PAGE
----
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Zentrum Geschichte des Wissens

Universität Zürich

Eidgenössische Technische Hochschule Zürich

Zentrum Geschichte des Wissens

Universität Zürich

Eidgenössische Technische Hochschule Zürich

MONIQUE LIGTENBERG

Medicine, Masculinities, and Colonial Warfare: German-speaking Physicians and Trans-imperial Knowledge Production in the Dutch East Indies (c. 1873-1914)


The research project deals with German-speaking physicians who joined the Dutch Colonial Army (KNIL) as medical officers at the end of the 19th century. Due to the acute shortage of personnel in the KNIL, the Dutch colonial government recruited volunteers from all over Europe. Recruits of German, German-Swiss and Austro-Hungarian origin constituted a majority of the entire Medical Corps (Militair Geneeskundige Dienst) at times. As "Tools of Empire", they ensured the survival of the troops, thereby actively participating in the military conquest of the Malay Archipelago.  Furthermore, a considerable number of German-speaking medical officers dedicated themselves to researching the tropical Dutch colony after ending their service. Thus, they contributed to (highly topical) production of knowledge about the flora, fauna and pathogenicity of the so-called "tropics" around 1900.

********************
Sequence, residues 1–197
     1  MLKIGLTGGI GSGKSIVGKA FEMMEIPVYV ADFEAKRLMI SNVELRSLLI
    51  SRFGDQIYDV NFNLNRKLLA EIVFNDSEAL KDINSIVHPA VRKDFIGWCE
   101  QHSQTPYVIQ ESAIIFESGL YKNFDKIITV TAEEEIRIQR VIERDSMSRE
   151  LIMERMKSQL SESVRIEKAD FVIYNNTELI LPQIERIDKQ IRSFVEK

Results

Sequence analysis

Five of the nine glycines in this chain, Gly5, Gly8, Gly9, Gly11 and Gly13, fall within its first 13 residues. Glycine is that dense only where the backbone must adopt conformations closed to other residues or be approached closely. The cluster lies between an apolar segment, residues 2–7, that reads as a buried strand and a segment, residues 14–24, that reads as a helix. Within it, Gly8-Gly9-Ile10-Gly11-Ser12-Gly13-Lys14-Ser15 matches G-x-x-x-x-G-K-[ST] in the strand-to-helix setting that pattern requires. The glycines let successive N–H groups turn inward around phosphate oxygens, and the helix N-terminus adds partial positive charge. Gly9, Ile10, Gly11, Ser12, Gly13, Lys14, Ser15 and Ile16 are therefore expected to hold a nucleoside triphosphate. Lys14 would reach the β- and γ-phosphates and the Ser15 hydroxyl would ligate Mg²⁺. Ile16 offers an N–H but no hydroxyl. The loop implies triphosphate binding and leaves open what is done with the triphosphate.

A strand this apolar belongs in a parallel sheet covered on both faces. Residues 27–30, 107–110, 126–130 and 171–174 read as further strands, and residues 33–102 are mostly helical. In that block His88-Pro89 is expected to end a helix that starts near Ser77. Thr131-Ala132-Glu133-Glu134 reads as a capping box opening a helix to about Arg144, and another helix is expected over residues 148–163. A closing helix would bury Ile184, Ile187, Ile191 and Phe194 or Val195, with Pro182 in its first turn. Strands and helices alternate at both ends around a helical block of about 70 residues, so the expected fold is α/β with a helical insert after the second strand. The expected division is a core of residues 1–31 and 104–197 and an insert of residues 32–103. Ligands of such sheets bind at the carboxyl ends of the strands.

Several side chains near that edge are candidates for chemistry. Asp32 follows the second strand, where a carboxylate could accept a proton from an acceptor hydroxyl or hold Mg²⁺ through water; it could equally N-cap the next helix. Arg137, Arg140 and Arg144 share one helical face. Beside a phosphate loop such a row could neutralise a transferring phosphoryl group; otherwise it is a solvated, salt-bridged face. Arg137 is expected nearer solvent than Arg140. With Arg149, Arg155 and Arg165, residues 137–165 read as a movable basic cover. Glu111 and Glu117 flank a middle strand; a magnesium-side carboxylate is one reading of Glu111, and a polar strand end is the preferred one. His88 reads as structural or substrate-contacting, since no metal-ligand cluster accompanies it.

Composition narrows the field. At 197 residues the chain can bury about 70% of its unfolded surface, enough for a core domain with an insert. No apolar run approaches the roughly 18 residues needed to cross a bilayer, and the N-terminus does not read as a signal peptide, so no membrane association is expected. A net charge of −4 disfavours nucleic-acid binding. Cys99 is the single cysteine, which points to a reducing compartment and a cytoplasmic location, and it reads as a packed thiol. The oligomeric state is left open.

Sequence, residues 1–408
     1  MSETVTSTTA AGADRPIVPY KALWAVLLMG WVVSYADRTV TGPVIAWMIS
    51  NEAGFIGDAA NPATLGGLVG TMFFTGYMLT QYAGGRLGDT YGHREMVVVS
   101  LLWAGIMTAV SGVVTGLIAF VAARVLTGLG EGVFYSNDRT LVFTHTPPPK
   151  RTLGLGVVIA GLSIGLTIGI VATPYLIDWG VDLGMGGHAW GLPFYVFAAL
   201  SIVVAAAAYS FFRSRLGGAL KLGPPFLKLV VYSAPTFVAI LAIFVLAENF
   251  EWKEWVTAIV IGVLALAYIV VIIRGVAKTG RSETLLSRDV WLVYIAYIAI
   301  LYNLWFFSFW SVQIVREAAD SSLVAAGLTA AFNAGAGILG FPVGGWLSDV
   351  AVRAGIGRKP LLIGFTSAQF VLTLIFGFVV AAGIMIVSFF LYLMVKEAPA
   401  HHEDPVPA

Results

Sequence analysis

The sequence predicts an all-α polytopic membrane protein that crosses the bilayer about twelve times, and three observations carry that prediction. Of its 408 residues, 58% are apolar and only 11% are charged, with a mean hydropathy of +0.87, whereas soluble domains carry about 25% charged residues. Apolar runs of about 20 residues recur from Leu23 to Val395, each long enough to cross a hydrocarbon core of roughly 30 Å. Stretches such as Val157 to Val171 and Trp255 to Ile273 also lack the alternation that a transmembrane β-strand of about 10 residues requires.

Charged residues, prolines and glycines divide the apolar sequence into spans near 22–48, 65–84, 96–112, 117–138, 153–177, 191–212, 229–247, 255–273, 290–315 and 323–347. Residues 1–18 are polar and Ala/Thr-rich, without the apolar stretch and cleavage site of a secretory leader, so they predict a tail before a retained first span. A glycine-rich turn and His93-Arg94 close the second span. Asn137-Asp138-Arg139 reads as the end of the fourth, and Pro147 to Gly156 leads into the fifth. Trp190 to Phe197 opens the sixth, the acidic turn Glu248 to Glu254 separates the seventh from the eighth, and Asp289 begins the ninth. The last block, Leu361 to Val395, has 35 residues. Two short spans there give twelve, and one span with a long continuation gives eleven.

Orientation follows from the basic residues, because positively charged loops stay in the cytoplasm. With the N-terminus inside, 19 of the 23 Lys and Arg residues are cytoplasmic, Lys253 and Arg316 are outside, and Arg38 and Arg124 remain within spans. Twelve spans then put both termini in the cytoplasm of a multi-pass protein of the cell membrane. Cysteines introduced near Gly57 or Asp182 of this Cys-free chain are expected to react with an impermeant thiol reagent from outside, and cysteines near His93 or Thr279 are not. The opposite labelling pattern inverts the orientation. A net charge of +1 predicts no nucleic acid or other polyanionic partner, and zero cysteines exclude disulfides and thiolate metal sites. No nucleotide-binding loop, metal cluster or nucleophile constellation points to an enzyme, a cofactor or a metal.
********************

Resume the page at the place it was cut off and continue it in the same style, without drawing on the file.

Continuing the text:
The dissertation focuses on these hitherto nearly unexplored military and scientific entanglements between Central and Northern Europe and Southeast Asia. On the one hand, it ties in with recent efforts in historiography to understand colonialism and imperial conquest not as a project of individual nation states, but as a transnational, pan-European endeavour. On the other hand, it contributes to the "provincialization"  (Chakrabarty) of European history of knowledge by shedding light on the significance of non-European spaces, knowledge cultures and subaltern actors in the knowledge production around 1900.